I've talked about movies before, so I guess I'll continue with that. I spoke with someone who seemed to distrust the people that decide which movies win the Academy Awards (at the time of writing, it's a group of over 7,000 people who have to have movie credits and be invited by a board to join the voting pool according to Wikipedia). Now, I don't think those people always get it right. I remember reading on Wikipedia that some of them said if they could go back in time, they would have voted for All The President's Men instead of Rocky to win Best Picture. If that's true, obviously someone is wrong. So I don't put a whole ton of stock into what they say. But still, I believe that it's probably one of the best ways to judge good movies: how many Academy Awards they've won.

Other people are crazy. I was crazy. I used to put a ton of stock into what people I met face-to-face said. If someone said that a certain movie was their favorite movie, I assumed that movie was probably good. If someone said a movie was not worth watching, I believed them. Now I just nod and smile and let most of what they say slip off me and ignore it. That sounds rude. I guess I probably say something like "I'll check it out". If the person goes into more detail about what they like about the movie, like how it's the greatest action movie because it's super realistic about the way guns work or something, I jot it down in my head and look it up later.

Don't trust individuals. Especially when talking in-person. First of all, there are way too many steps in the process for things to get garbled. Maybe the person just has weird or unusual tastes. There's always a chance they are lying or exaggerating or something, too. Then, of course, they could have remembered the name of the movie wrong, or, separately, said it wrong. You could hear the name of the movie wrong, or, separately, remember it wrong later. That's six potential ways of getting things wrong right there, and there have to be about fifty more.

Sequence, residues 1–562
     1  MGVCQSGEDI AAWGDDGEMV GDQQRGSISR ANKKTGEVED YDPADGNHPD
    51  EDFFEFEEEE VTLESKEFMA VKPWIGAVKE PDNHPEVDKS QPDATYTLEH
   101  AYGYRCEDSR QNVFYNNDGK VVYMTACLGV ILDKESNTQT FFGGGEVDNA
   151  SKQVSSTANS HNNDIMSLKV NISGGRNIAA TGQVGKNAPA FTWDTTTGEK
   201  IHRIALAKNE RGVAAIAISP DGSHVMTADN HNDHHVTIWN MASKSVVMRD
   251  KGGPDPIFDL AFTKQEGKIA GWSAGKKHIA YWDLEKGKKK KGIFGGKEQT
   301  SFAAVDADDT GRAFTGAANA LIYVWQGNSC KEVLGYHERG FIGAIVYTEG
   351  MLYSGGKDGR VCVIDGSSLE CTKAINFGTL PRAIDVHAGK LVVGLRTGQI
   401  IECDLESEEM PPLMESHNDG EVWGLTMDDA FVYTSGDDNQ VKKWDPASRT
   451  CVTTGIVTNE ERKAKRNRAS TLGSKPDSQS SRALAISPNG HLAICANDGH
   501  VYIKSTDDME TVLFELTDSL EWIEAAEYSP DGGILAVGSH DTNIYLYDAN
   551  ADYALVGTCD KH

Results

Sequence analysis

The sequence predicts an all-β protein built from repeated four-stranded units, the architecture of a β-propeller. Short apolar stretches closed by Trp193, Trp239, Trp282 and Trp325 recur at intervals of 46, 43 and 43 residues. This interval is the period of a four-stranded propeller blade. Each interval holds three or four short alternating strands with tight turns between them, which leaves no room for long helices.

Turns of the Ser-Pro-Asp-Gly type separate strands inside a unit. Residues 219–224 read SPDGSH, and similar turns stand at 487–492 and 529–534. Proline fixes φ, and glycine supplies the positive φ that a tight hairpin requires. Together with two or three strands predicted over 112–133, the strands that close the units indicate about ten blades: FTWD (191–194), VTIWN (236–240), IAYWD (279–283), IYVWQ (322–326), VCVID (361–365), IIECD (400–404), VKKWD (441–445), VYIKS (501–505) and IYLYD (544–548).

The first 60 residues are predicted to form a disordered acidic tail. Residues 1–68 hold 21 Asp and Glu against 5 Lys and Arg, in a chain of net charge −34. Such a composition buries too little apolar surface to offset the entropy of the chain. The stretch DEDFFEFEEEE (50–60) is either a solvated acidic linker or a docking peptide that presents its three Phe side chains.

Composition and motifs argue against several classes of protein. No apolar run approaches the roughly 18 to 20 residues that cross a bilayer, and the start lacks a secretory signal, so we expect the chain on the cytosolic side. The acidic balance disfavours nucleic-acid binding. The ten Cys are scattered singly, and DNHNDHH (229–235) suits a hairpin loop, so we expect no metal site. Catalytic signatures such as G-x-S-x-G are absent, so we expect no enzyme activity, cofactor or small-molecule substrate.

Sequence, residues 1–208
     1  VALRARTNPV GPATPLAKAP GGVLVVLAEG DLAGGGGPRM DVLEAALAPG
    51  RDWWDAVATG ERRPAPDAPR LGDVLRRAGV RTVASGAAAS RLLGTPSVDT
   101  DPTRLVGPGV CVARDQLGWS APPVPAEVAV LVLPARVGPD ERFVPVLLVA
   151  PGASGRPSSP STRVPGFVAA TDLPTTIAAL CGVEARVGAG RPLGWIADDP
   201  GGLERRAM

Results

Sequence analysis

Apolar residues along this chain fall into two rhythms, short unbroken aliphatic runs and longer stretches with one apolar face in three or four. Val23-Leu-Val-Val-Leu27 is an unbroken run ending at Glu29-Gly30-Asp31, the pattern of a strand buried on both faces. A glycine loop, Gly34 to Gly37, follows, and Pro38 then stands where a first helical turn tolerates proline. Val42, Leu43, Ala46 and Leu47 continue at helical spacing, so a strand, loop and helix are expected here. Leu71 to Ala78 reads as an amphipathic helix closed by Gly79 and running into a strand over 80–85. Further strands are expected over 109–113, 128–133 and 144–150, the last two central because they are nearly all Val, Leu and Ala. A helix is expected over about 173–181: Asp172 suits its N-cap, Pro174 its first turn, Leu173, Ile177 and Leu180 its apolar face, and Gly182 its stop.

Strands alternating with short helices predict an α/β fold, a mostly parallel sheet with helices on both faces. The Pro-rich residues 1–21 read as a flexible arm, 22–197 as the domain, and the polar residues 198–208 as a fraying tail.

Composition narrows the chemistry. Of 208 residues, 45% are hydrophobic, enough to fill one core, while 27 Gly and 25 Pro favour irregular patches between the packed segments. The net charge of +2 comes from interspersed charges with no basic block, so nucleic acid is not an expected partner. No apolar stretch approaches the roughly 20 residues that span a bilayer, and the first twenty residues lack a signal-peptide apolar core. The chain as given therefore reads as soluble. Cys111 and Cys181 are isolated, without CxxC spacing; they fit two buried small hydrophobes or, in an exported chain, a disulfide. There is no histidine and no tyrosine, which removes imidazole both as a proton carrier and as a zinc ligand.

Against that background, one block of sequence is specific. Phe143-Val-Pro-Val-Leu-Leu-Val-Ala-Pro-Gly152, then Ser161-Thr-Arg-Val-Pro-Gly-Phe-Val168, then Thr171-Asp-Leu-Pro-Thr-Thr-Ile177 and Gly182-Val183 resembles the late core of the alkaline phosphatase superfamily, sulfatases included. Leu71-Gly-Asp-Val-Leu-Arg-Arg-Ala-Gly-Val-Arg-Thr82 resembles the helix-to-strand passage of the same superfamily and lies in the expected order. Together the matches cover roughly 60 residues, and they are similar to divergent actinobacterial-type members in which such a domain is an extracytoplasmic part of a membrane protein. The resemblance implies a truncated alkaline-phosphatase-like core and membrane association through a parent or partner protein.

Think about it this way. You have easy access to dozens of different movie rating systems where you can see how hundreds of thousands of other people feel about movies. Why would you pick just one of those reviews and trust that one instead of the average of the group?

Now, I think it's fun to write down when someone recommends a movie, and then later, if I ever end up watching it, go back and tell that person that I watched it and (hopefully) liked it.

Okay, that's how it works for movies. Facts are even worse. I think people can be wrong about how the feel about a movie (maybe they just really want to like it or something, I don't know). But for the most part, people should kinda be trusted to know how they feel about something. But when they're not reporting on their own feelings, but on a fact? Depending on the person, there's like a fifty percent chance that they're just completely wrong. I've had so many times where I fact-check what someone said after our conversation, and there's just no truth to what they were adamantly asserting, whatsoever. Then, even if they were on to something, what's the chance that they remembered and said everything correctly? I mean, what's the chance that you look it up on Britannica or Wikipedia later, and it says pretty much exactly what that person said? I'd say pretty low. Even if everything they said is true, the overall message might not be. The way they emphasized the importance of parts of their information might be off or something. 

Of course, you can't trust me on any of this, since I'm just one person. I think believing what someone wrote is a little better than believing what they said. But not much better. A couple of the error-prone steps are gone when using writing, but certainly not all of them, or even the most important ones.